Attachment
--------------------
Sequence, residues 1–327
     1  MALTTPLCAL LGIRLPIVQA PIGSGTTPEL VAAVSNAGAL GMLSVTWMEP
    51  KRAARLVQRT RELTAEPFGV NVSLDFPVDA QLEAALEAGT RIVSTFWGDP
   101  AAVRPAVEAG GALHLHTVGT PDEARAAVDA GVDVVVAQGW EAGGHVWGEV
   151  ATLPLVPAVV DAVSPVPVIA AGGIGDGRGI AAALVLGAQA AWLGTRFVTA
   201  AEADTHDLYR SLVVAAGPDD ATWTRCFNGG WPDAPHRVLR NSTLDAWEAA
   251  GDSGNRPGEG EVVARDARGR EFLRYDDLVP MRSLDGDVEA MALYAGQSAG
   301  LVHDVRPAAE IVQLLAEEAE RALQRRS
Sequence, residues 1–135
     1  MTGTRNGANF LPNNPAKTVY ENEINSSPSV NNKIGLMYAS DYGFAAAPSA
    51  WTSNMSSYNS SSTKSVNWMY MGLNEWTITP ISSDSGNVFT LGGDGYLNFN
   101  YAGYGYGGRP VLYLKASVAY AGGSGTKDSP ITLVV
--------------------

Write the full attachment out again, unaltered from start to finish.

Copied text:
Sequence, residues 1–327
     1  MALTTPLCAL LGIRLPIVQA PIGSGTTPEL VAAVSNAGAL GMLSVTWMEP
    51  KRAARLVQRT RELTAEPFGV NVSLDFPVDA QLEAALEAGT RIVSTFWGDP
   101  AAVRPAVEAG GALHLHTVGT PDEARAAVDA GVDVVVAQGW EAGGHVWGEV
   151  ATLPLVPAVV DAVSPVPVIA AGGIGDGRGI AAALVLGAQA AWLGTRFVTA
   201  AEADTHDLYR SLVVAAGPDD ATWTRCFNGG WPDAPHRVLR NSTLDAWEAA
   251  GDSGNRPGEG EVVARDARGR EFLRYDDLVP MRSLDGDVEA MALYAGQSAG
   301  LVHDVRPAAE IVQLLAEEAE RALQRRS
Sequence, residues 1–135
     1  MTGTRNGANF LPNNPAKTVY ENEINSSPSV NNKIGLMYAS DYGFAAAPSA
    51  WTSNMSSYNS SSTKSVNWMY MGLNEWTITP ISSDSGNVFT LGGDGYLNFN
   101  YAGYGYGGRP VLYLKASVAY AGGSGTKDSP ITLVV